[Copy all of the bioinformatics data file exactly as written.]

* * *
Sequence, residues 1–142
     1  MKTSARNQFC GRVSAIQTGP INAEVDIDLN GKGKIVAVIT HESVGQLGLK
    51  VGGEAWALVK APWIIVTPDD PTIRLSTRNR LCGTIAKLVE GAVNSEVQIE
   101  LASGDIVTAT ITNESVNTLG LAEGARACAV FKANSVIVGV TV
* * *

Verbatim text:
Sequence, residues 1–142
     1  MKTSARNQFC GRVSAIQTGP INAEVDIDLN GKGKIVAVIT HESVGQLGLK
    51  VGGEAWALVK APWIIVTPDD PTIRLSTRNR LCGTIAKLVE GAVNSEVQIE
   101  LASGDIVTAT ITNESVNTLG LAEGARACAV FKANSVIVGV TV